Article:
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Audience members are primed for the trip of a lifetime, as Barbary Coast Jazz Ensemble will play a concert that delivers them to space, celebrating the influence of musician and philosopher Sun Ra on Saturday. Noted trombonist and composer Craig Harris, who once played with Sun Ra as a member of Arkestra, will join Barbary Coast on stage.
Corinne Romano ’15 said she was the only AP studio art student in her high school.
What motivates someone to give a part of herself away? What motivates someone to donate a kidney to a stranger?
If someone asked you what art is, what would you say? Art is harder to define than you thought it would be, isn’t it? A friend posed this question to me the other day, and my response was a jumbled list of names.
Called “The Swan of Avon,” “The Bard of Avon” or simply “The Bard,” William Shakespeare and his plays and poems remain a staple in English literary education. Dartmouth marked the 400th anniversary of the poet’s death with a symposium on Friday and Saturday in the Haldeman Center that focused on how to teach his works today.
Nine-time Grammy Award winners The Emerson String Quartet will perform at the Hopkins Center on Tuesday evening. The program will consist of string quartet works from composers Benjamin Britten, Maurice Ravel and Dmitri Shostakovich.
Gar Waterman ’78 is a Connecticut-based sculptor known for his large public sculptures. He typically works in stone, bronze, wood and glass, and his sculptures are often inspired by the natural world, especially sea life. Waterman installed “Feral Seed,” a sculpture, in the atrium of the Life Sciences Center in August.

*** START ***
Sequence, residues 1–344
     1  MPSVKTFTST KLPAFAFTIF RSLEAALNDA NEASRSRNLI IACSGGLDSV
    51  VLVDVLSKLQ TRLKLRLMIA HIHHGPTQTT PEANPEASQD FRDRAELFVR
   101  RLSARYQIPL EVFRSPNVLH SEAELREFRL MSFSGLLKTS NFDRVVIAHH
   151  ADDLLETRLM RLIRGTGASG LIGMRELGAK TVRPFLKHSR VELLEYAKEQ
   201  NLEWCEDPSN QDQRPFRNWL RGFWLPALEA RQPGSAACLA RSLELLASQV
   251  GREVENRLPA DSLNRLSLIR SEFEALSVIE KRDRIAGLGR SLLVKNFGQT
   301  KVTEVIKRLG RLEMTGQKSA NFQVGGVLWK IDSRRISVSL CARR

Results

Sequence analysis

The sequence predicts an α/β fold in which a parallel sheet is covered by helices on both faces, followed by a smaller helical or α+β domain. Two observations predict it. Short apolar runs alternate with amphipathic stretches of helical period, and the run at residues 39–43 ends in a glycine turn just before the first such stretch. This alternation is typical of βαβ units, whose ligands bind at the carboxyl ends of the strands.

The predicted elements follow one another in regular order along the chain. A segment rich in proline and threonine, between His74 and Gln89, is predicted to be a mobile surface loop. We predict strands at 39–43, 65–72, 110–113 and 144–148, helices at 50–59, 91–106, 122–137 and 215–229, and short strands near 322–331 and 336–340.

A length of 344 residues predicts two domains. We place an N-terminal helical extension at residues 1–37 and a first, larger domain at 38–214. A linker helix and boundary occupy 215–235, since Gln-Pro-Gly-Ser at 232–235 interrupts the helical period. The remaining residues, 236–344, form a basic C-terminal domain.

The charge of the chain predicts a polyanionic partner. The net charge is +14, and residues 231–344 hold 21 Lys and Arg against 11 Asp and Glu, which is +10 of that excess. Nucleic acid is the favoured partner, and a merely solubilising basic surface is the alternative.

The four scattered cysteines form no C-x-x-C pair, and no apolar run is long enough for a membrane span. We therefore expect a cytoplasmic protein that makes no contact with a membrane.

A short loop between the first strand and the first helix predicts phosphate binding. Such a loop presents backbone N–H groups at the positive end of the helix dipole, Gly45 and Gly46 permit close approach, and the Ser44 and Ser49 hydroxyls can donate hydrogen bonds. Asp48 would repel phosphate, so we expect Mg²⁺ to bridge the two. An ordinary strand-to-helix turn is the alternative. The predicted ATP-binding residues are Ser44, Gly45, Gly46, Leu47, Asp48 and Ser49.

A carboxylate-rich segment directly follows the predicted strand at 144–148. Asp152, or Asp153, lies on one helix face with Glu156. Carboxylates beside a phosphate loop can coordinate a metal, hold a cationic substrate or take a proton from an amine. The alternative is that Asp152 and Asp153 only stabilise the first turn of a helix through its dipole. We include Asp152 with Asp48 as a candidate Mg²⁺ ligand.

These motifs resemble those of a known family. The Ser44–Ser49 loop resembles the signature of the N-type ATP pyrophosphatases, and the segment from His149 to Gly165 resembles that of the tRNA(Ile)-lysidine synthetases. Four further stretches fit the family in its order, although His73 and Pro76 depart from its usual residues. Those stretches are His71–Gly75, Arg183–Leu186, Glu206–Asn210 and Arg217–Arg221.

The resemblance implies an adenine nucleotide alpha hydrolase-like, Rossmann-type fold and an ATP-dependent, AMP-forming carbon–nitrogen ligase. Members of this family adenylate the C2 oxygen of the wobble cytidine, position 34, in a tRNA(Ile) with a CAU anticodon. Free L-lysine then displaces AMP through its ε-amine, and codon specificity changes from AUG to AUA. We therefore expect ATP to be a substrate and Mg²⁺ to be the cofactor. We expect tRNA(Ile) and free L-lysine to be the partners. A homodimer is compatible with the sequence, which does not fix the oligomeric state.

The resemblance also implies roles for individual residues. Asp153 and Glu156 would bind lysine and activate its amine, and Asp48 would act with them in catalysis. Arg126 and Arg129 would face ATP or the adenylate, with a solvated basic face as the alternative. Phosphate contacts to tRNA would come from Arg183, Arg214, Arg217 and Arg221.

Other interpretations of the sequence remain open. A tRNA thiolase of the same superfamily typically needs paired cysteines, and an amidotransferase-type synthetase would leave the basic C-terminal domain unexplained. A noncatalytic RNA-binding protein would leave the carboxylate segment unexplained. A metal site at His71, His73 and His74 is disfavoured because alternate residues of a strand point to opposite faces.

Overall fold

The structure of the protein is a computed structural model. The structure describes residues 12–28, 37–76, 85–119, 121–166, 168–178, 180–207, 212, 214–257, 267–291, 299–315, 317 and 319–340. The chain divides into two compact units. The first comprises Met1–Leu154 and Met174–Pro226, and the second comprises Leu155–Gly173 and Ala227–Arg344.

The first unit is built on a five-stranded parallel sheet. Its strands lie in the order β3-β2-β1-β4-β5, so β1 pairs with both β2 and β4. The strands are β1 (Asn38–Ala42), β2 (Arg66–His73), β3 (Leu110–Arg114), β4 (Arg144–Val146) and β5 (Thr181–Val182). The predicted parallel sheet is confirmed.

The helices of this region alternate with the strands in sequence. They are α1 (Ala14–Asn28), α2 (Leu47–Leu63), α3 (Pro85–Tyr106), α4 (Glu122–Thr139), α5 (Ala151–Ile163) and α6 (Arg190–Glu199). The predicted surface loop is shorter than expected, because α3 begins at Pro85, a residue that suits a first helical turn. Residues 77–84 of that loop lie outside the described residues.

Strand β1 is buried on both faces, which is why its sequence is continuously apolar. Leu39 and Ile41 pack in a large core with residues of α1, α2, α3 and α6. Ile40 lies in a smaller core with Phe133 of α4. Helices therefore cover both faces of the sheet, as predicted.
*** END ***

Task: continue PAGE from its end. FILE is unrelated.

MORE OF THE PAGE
Vibrant, encompassing, kaleidoscopic and free-flowing: these words evoke images from “The Epic of American Civilization,” commonly known as the Orozco Mural. Its expressive richness was typical of the early 20th century’s Mexican muralism movement, spearheaded by Diego Rivera and Orozco himself. Director Jorge Gutierrez’s first animated feature film, “The Book of Life” (2014), brings muralism into the 21st century, creating a bustling, sumptuous 3-D adventure that explodes off the screen.
As if an imaginary fist from behind the frame had punched through the foil of Jack Whitten’s “Birmingham 1964” (1964), a hole appears like an artifact of violence, a documentation of the civil rights movement. The hole is a window, offering a view of an old newspaper photo. A stocking mesh prevents a clear view of the image.
A Saturday concert showcasing varied voices — including current and former members of Gospel Choir, the Rockapellas and Glee Club as well as former Dartmouth Idol participants — will take the place of the Gospel Choir’s traditional fall concert.
Despite Baker Library’s notorious bustle, one cannot help but stop and notice the flashy graphics of World War I posters featured in glass cases along the entrance lobby’s walls. Behind the glass pane, a war-torn figure stands defiant amidst the blaze of a flaming battlefield. In another image, a soldier steps over the corpse of a fallen enemy. Above him, two words capture his unbroken will: “Come On!”